Foram Joshi asked:
Why can we not gain immunity to the common cold?
Chris - I wish I knew the answer to that. Itís actually just simple numbers. There are two reasons for this. One is to be immune to something, your immune system has to see it in the first place. So you have to be infected with the thing, so you then learn to neutralize it in the future. Now, that would be simple if there was one virus, but in fact there are hundreds.
If you look at the rhinovirus family, which is the cause of the common cold, around most of the year, there is about a hundred of those. If you look at the enterovirus family, thereís about a hundred of those. There is 50 or 40 adenoviruses, many of which cause upper respiratory and eye infections. Then there are the corona viruses, the parainfluenza viruses, the influenza viruses and to add insult to injury, these viruses also mutate. So not only are there hundreds of them around for you to get your immune systemís head around but also they are moving target. They are changing their molecular appearance, so even if you have learned to recognize it, thereís no guarantee that youíll recognize it again the next time. And given that there are all these hundreds of viruses and the average person gets about two or three colds per year, thatís three life times worth of cold infections before youíve actually got any chance of being immune to all of them, by which time they probably have changed.
So, I donít think thereís really any prospect of ever being able to cure the common cold with the exception that what scientist including Steven Legit who is a researcher of University of Maryland had done, is theyíve sequenced genetically all of the rhinoviruses so far. And they know how they divide up to a little subfamilies and it might be that if you a made a vaccine based around some members of some of those subfamilies, then every time you immunize someone who gets one of the subfamilies you are protected against all the other members of that family. So you could make a vaccine but it would have probably be based around lots and lots a different members and probably be unfeasible. Who knows, letís hope though that we come up with some kind of common cold cure soon because since you have children youíre into a whole different ball game.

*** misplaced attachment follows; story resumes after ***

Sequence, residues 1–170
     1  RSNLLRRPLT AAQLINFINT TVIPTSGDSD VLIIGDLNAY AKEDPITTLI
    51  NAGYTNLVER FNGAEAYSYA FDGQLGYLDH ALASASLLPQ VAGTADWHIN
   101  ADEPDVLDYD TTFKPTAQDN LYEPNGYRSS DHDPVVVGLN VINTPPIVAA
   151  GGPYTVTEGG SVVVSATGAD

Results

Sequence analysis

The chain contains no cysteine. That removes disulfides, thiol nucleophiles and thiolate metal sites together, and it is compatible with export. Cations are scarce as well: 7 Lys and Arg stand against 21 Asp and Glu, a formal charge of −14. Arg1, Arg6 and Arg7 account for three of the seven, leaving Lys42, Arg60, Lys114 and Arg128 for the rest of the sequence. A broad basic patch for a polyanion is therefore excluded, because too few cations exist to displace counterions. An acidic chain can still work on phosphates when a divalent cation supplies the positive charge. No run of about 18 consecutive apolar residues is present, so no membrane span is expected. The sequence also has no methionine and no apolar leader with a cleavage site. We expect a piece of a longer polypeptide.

foram joshi asked the Naked Scientists: Dear Naked Scientists, † my question is: why do we catch colds so often? Why do we not become immune to diseases like the common cold? What do you think? foram joshi , Tue, 18th Aug 2009
We do gain immunity to the common cold, we never get the same cold twice!! However there are so many different strains of the common cold, each time we come into contact with a new strain, we have to go through the process of having the cold in order to gain the immunity! Variola, Tue, 18th Aug 2009
Variola, the TNS 'Pox in Residence' has given the definitive answer.
I have never had the common cold OR the flu in my entire life.
If the deffinition of 'flu is " a cold, but so bad you can't get out of bed" then I have never had 'flu. Perhaps serological analysis would tell me something else.
That is actually a very interesting question you've got there foram joshi. Such a common illness and no vaccine?
And let's not forget that virus genomes mutate, so a vaccin has to be reinvented everytime a virus reinvents itself (as long as the mutation occurs in membrane component coding genes) Nizzle, Wed, 19th Aug 2009
When the vaccine is rendered useless depends entirely on how it was constructed and what genes that mutate. If 75% of the genetic make-up is the same for all rhinoviruses, I wouldnt worry about inefficient vaccines just yet. If it does go and get nasty, I see no problem in reinventing the vaccine. Those who wish to stay away from colds probably wont mind either. DrChemistry, Wed, 19th Aug 2009
I dont think a Rhinovirus vaccine would work against enteroviruses either I do not think that is likely at all, but well, I could be wrong. Once again its all in the details
Is it an evolutionary thing?
Thanks for the clear and comprehensive answers you all came up with for this question; I think I also gave a fairly thorough answer on the podcast, which you can access via the link above.
never had a cold ever.i was told it is because i had diptheria as a baby.i am well into my seventys yorkie39, Sat, 11th Apr 2015